Notes from 2022
This is Part 5, where we discuss in brief the economics of the NBN,
and why it simply doesn't stack up in its current form.
Part 1 focuses on the cultural deficiencies
Part 2 focuses on the failings of FTTN.
Part 3 deals with the HFC network and ways
in which it can be salvaged
Part 4 explains why the LTE network was poorly
thought out from the start.
Part 6 hammers home the fact that all of this
is a result of shameless and disgusting short sighted political manoeuvring
by the Liberal Party to protect the interests of Rupert Murdoch and other
corporate friends such as Telstra.
An NBN retrospective - Part 5.
One of the major hurdles to the NBN being a profitable enterprise is low
Average Revenue Per User (ARPU). The cause for this is multi-faceted, and
I make no pretences that I am an economist so this section will be short,
however there seem to be two major causes for NBNCo’s money troubles:
High bandwidth costs make high-speed plans unfeasible
High speeds are unattainable over most technologies
The cost of purchasing bandwidth on the NBN is very high compared to
other wholesale networks. NBNCo’s pricing structure involves two access
charges, billable to RSPs: the Access Virtual Circuit (AVC) and Connectivity
Virtual Circuit (CVC).
The AVC is a per-connection charge, essentially the equivalent of the traditional
line rental. AVC is charged based on the link speed between the end user and the
RSP’s network and can be considered the “base cost” of providing an NBN service.
For example, a 50Mbps downstream/20Mbps upstream (50/20) AVC provided over FTTP
or HFC costs an RSP $34 per month. This is not the only cost to the RSP, however.
Per the Wholesale Broadband Agreement (WBA), the AVC charge only covers the speed
of the connection between the end user and the handoff to the RSP’s network. Using
the plumbing analogy, the AVC charge determines only the size of the pipe between
the end user and the POI. The RSP must also pay for the data sent across that connection.
CVC is a very controversial and divisive topic. CVC is a charge billed to RSPs based
on how much data they transfer over the NBN, and currently costs $17.50 per Mbps per
POI. A few years ago, most RSPs were engaged in a pricing race to the bottom in
order to try and capture new customers during their transition to the NBN. This led
to many severely under provisioning CVC at the POI, causing excruciating peak hour
slowdowns even on FTTP. Again using the plumbing analogy, CVC determines the size
of the pipe between the POI and the RSP’s own network. In order to keep costs down,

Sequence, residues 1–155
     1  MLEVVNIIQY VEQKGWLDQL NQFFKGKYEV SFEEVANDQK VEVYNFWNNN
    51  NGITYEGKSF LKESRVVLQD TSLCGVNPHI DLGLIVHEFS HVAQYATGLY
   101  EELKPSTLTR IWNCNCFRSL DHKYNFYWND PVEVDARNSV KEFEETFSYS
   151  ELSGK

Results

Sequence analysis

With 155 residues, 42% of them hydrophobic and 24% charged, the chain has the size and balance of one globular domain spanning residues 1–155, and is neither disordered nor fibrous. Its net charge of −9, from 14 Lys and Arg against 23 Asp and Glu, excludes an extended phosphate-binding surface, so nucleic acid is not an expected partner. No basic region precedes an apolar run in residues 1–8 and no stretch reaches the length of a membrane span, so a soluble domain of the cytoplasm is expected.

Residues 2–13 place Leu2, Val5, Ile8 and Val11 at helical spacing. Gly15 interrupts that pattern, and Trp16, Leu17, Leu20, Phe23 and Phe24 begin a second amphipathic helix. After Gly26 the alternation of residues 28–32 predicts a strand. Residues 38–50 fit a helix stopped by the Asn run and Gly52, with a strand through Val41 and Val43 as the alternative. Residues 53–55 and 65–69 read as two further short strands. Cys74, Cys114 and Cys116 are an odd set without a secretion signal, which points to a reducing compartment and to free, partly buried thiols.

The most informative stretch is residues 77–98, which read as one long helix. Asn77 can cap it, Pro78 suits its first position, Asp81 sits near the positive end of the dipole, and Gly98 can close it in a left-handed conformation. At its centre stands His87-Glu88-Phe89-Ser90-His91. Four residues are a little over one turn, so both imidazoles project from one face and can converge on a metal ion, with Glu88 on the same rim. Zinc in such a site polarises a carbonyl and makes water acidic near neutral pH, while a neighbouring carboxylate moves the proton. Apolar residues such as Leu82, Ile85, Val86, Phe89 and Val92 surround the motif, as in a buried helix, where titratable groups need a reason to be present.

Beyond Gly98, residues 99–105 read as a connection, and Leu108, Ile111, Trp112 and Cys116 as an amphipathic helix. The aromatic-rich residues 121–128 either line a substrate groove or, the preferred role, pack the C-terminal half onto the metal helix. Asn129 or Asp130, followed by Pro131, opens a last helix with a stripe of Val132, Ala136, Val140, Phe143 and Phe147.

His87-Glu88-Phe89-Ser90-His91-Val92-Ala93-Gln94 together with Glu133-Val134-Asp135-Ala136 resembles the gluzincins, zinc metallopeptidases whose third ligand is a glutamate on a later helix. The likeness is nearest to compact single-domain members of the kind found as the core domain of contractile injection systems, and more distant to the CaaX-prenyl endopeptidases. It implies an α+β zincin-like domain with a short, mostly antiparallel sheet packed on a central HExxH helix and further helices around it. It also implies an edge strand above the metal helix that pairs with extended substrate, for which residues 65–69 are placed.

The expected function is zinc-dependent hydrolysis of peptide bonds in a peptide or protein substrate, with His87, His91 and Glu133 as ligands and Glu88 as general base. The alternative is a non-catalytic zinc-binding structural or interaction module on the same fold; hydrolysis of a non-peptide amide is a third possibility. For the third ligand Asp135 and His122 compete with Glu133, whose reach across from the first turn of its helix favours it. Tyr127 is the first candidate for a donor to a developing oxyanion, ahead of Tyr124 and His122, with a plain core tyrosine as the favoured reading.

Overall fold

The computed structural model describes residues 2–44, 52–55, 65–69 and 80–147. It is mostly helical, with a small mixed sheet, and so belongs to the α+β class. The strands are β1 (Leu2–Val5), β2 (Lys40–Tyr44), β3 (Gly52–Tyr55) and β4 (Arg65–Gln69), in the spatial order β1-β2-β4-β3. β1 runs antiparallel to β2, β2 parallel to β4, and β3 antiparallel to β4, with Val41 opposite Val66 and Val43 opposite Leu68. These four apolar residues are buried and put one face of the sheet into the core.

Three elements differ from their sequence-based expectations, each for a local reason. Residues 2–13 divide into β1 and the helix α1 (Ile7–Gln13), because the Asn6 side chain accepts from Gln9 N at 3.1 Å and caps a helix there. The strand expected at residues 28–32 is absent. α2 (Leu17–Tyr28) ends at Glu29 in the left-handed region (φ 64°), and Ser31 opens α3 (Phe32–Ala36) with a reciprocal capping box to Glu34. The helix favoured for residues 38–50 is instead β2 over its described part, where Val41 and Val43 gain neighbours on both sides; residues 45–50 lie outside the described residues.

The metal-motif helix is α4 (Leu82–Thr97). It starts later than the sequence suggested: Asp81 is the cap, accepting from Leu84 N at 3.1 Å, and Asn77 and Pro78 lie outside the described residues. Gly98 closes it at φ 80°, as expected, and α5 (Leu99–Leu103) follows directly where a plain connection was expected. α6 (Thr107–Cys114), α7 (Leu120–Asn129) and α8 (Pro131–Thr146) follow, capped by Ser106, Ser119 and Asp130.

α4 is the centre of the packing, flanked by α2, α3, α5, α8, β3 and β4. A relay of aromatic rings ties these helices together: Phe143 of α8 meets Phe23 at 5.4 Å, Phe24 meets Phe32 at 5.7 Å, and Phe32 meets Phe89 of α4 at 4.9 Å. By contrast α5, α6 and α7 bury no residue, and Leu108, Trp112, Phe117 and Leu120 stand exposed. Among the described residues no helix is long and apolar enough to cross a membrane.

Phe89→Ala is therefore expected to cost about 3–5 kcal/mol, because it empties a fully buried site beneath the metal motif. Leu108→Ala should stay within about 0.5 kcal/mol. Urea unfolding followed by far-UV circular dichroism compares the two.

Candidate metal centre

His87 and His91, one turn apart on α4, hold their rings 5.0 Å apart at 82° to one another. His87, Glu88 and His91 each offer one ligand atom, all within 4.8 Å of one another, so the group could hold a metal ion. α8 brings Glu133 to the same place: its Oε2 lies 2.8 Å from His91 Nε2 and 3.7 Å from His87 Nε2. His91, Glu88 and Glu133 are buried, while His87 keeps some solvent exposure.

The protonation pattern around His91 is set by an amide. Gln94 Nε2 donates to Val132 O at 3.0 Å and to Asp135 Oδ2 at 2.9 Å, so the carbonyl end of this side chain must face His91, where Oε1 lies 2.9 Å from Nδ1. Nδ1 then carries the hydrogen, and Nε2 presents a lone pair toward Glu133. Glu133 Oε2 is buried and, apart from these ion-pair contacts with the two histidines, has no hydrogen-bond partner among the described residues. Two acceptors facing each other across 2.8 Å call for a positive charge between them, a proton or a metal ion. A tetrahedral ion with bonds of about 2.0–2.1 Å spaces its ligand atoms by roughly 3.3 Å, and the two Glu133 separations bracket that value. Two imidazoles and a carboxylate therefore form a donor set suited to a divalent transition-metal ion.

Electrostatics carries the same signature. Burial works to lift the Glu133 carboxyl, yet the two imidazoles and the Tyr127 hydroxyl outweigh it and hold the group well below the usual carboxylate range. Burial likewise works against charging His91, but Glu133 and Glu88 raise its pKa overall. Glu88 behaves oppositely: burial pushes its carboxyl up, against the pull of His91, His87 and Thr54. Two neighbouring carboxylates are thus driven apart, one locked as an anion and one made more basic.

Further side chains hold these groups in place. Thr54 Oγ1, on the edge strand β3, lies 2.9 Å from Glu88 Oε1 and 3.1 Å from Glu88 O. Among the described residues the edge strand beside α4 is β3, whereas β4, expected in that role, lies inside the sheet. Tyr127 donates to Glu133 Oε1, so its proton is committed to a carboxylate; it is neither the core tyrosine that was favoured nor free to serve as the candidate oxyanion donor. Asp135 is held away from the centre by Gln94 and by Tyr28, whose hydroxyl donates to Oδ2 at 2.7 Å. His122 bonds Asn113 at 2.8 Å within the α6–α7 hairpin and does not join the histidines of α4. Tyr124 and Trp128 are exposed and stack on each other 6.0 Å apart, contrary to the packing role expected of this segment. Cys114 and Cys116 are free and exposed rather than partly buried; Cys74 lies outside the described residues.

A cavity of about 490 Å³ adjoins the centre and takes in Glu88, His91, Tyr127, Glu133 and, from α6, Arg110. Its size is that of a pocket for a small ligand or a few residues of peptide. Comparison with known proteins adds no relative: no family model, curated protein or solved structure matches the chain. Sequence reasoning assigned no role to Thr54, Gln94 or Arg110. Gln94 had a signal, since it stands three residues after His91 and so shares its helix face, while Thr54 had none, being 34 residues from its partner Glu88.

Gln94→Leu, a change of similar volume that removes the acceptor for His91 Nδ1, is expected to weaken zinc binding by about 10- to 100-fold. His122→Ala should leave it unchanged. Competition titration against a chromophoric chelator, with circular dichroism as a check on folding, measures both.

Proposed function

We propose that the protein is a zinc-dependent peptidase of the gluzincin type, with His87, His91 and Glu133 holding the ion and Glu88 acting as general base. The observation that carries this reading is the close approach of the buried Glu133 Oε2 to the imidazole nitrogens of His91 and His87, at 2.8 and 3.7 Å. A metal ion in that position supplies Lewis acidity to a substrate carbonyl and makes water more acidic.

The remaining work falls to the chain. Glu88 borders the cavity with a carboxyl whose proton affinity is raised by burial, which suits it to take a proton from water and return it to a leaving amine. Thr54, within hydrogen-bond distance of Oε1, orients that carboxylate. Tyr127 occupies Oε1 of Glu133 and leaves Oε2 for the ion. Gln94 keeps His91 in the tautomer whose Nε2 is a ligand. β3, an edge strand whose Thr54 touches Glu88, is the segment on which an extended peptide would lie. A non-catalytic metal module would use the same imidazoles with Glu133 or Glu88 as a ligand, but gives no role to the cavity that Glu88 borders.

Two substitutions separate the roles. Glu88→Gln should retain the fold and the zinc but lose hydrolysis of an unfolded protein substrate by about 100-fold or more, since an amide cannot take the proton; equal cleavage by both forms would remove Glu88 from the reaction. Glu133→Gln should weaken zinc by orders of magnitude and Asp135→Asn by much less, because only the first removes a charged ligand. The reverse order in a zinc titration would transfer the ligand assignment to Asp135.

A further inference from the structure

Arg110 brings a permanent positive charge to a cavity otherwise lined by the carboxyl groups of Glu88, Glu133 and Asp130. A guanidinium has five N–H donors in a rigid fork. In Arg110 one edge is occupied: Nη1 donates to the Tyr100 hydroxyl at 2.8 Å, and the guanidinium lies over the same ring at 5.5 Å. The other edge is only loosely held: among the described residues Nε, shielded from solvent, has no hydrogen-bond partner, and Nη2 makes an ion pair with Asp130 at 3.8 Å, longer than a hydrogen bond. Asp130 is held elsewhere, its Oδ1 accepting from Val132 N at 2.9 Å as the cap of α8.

RSPs were under sizing the pipe for the amount of flow, and as such the pipe was
The ACCC eventually intervened, forcing RSPs to advertise the “typical evening speed”
for each service, which is a decent indicator of whether or not the RSP has purchased
enough CVC from NBNCo. This of course led to RSPs actually purchasing enough CVC,
as none wanted to be seen selling 100/40 AVCs which could only realistically hit 25/5
during peak hour. This stopped the race to the bottom price-wise, and now most RSPs
offer very similar prices for equivalent services.
Part of this under provisioning scheme remains today, however. One may have noticed
that a 50/20 AVC would, naturally, require 70Mbps of CVC to use to its full potential
and as such should cost $30+(70*$17.50). But the typical 50/20 service costs
around $70 a month, not $1,259 a month. This is because RSPs use statistics to
minimise the amount of CVC they must purchase at each POI. The key assumption
is that not everyone is going to be saturating their connection at the same time
24/7, and so RSPs can provision enough CVC to satisfy average peak demand across a
given POI, rather than trying to provision enough bandwidth to satisfy constant
The average amount of CVC provisioned per AVC across the NBN is around 2.3Mbps,
up from around 1.8Mbps during the worst of the pricing war. If we assume a
provisioning of 2Mbps CVC for a typical 50/20 service, then the NBN cost-price
of such a service is $691. NBNCo are attempting to bring this figure up to 2.5Mbps,
however this problem is indicative of a wider issue with NBNCo’s pricing scheme,
which is acting as a huge barrier to uptake of higher speed plans.
The cost of bandwidth is fixed. That is, it costs NBNCo the same whether you
download 1GB or 1TB. Thus, CVC is a manufactured cost. CVC was conceived in order
to help fund the rollout by minimising the impact on the public treasury and is
essentially a bandwidth tax. It also served a political purpose; the
Liberal Party would attack the NBN for being an unprofitable venture and so
CVC was used to ensure that the network would be profit-making early in its
life to pre-emptively quash such an angle from its detractors.
Under the original FTTP plan, the CVC charge was to be gradually lowered and
then removed as NBNCo’s costs fell. The key to making this work was that FTTP’s
maintenance costs are extremely low, and beyond the initial rollout, overheads
would be somewhat fixed outside of upgrades and emergencies. However, in late 2013,
plans changed. With the change to FTTN/HFC/FTTB/anything-that-isn’t-FTTP, NBNCo
could no longer rely on the assumption of low and fixed overheads. FTTN and HFC are
extremely expensive. Telstra’s old copper network alone costs NBNCo around $1bn a year
simply to keep running, let alone fault fixing and upgrades.
The reality is that the change in rollout plans has precluded the elimination of
the CVC charge, as was originally planned and has locked out much of the rollout
footprint from being able to attain even the currently available high speed plans.
Broadband prices will continue to remain artificially high simply to cover the
inordinate expense of maintaining this failed, dilapidated, stillborn network while
also trying to generate the 7% ROI expected of it.
Read the epic conclusion in Part 6.